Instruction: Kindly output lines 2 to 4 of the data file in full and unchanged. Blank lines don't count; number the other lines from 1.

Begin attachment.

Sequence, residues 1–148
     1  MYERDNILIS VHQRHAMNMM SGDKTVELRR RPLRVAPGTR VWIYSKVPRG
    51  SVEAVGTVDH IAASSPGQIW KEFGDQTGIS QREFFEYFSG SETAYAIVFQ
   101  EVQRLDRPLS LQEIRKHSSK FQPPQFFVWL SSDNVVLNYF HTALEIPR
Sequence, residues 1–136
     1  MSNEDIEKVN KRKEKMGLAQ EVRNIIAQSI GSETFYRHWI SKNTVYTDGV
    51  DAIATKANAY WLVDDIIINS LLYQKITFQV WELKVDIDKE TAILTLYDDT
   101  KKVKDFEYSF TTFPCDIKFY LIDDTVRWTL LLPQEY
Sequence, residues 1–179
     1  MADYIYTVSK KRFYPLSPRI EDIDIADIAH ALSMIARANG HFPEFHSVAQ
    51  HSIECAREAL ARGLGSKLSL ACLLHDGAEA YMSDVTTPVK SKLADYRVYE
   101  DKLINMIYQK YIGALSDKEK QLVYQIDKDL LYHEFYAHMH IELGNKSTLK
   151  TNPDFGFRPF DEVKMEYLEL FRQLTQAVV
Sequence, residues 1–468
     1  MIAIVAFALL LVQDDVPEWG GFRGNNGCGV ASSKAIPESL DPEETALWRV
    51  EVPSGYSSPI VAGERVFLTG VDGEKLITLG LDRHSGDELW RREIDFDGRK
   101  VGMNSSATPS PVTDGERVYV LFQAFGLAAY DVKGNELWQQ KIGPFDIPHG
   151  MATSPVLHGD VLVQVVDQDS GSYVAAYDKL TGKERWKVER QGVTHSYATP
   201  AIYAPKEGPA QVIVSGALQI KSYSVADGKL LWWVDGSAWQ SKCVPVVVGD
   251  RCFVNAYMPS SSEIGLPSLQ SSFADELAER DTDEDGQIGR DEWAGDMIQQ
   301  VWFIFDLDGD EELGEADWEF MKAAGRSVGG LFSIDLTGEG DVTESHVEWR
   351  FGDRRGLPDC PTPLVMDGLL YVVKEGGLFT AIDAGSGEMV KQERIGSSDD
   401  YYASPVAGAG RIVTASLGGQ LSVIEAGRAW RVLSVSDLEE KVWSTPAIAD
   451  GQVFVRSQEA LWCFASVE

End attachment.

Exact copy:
     1  MYERDNILIS VHQRHAMNMM SGDKTVELRR RPLRVAPGTR VWIYSKVPRG
    51  SVEAVGTVDH IAASSPGQIW KEFGDQTGIS QREFFEYFSG SETAYAIVFQ
   101  EVQRLDRPLS LQEIRKHSSK FQPPQFFVWL SSDNVVLNYF HTALEIPR